Jul 05 2019

Agencies Must Learn How to Unleash the Potential of AI

Unless the federal government figures out how to deploy artificial intelligence effectively, its workforce and its mission will be left behind.

Maintaining a persistent technological advantage is crucial to our success as a nation. Artificial intelligence is not magic — it’s math that enables people to extract new value and patterns from data, offload repetitive tasking and devote precious resources to tackling the hardest problems that only humans can solve.

Unleashing the potential of an AI-enabled team extends beyond the code and algorithms. As detailed in a report by the Center for Strategic and International Studies, “Artificial Intelligence and National Security: The Importance of the AI Ecosystem,” the necessary supporting capabilities for AI technologies are found within the AI ecosystem.

Among them: a skilled workforce and knowledgeable management; the digital infrastructure for capturing, handling and exploiting data; the technology and a foundation of trust, security and reliability; and the investment environment and guiding policy framework. 

However, an underdeveloped AI ecosystem is the main hurdle to AI deployment facing the United States today.

MORE FROM FEDTECH: See how agencies are ramping up robotic process automation efforts.

Agencies Shouldn't Reinvent the Wheel with AI

Cultivating a healthy AI ecosystem requires time, money and effort to bring together the ingredients. 

The globalization of technology and the democratization of software have lowered the barriers to market entry. Sophisticated AI algorithms are available to anyone with data, a question to answer and computing power. 

As a result, the federal government cannot afford to reinvent the wheel. It must leverage commercial technology where it can, and invest in development unique to government where it must. 

Lindsey R. Sheppard, Associate Fellow, International Security Program, Center for Strategic and International Studies
Instead of playing catch-up, the U.S. should be driving the pace of AI deployment."

Lindsey R. Sheppard Associate Fellow, International Security Program, Center for Strategic and International Studies

The Cold War vanguard technology development model that churns over years is not working anymore. Instead of playing catch-up, the U.S. should be driving the pace of AI deployment.

AI is strongest when it is applied to help humans solve problems and find patterns. The federal enterprise is rife with areas that would benefit from AI-enabled teams, including personnel management, logistics and maintenance, and cyberdefense. While the narrative of strategic competition often posits the U.S. is engaged in an AI arms race, the race is not to determine who has the best algorithms. The race will be won by the country that makes AI work best to support its national goals and values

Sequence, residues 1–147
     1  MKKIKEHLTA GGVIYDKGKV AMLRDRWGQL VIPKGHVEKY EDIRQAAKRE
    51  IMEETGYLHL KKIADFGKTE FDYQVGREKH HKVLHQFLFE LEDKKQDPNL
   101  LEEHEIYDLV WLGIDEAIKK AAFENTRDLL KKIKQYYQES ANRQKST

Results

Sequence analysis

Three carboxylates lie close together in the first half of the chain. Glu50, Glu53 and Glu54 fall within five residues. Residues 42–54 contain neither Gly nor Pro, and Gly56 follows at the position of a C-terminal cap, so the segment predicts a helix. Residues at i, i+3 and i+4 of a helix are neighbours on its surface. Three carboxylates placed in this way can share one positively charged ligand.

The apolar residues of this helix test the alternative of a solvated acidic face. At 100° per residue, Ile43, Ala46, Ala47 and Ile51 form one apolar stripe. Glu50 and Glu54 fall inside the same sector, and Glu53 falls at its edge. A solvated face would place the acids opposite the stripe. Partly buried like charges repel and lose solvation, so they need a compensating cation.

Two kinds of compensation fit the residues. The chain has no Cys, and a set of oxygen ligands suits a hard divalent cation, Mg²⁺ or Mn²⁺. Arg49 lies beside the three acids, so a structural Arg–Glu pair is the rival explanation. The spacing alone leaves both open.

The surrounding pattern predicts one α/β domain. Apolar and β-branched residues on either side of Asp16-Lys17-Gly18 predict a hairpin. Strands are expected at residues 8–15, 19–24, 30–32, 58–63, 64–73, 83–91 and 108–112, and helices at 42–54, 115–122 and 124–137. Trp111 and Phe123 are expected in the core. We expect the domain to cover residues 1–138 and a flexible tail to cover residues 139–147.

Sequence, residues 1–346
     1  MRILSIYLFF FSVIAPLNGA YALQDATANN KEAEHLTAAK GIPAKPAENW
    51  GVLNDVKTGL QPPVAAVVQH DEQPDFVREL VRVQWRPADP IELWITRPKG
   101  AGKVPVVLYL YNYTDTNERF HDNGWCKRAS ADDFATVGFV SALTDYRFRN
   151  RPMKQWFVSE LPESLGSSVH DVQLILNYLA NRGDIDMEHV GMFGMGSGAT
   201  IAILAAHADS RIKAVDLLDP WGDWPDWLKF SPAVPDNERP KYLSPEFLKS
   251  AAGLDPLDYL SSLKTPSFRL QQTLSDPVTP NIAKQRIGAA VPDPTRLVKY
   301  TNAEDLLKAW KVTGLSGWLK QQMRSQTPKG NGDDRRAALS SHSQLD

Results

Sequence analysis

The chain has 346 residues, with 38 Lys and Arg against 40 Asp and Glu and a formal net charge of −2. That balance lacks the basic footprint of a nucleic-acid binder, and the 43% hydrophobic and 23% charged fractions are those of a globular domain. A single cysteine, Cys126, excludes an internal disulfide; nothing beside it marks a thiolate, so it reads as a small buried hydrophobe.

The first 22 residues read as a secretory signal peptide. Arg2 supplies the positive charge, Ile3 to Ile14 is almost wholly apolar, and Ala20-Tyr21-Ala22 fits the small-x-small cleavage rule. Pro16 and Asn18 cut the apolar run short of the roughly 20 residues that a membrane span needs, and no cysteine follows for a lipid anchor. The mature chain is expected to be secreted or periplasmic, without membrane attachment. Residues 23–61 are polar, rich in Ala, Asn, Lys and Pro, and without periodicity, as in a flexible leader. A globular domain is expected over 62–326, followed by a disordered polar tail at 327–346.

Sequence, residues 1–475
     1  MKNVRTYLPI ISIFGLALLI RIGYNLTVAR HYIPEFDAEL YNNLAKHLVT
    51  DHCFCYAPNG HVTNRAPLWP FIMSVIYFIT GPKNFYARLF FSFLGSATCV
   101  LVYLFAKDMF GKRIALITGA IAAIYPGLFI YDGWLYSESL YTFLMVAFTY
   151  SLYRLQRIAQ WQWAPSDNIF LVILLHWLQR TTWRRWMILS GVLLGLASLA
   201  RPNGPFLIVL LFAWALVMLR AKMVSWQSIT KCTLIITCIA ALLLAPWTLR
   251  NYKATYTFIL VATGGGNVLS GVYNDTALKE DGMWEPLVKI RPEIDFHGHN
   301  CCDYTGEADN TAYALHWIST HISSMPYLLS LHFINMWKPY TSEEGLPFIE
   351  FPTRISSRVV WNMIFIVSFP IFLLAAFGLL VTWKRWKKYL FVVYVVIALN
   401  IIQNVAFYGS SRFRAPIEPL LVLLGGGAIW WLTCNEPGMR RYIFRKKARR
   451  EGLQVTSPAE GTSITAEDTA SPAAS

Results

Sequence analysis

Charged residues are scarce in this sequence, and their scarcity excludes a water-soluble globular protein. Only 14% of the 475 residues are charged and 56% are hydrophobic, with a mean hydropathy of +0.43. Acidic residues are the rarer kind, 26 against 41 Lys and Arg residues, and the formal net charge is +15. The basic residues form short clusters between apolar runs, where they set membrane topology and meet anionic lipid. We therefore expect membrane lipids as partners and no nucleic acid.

In Government, AI Needs Humans to Work

Humans learn through experience while AI learns through data. The value of AI is derived from both the data it processes and the insightful questions asked by humans. As such, federal agencies must cultivate a culture of data excellence that elevates data to a strategic asset

To answer realistic operational ­questions in a realistic data environment, the workforce must have access to the right computing capability, data access permissions that balance security imperatives and up-to-date IT.

People also make data, algorithms, processes, organizations and strategies. Given that the barriers to education have never been lower, individual contributors, middle managers and senior leaders should all be leveraging opportunities to improve their skills

Against the backdrop of a rapidly shifting global technology landscape, the past six months have seen big moves for AI in the United States. The Department of Defense’s Joint Artificial Intelligence Center is open for business. The Executive Order on Maintaining American Leadership in Artificial Intelligence was issued on Feb. 11, followed the next day by the Department of Defense Artificial Intelligence Strategy. 

While the priority technology is AI, the compelling narrative throughout each strategy is the federal workforce. To build an AI workforce and attract top talent, federal departments and agencies must develop the workforce we have into the workforce we need.

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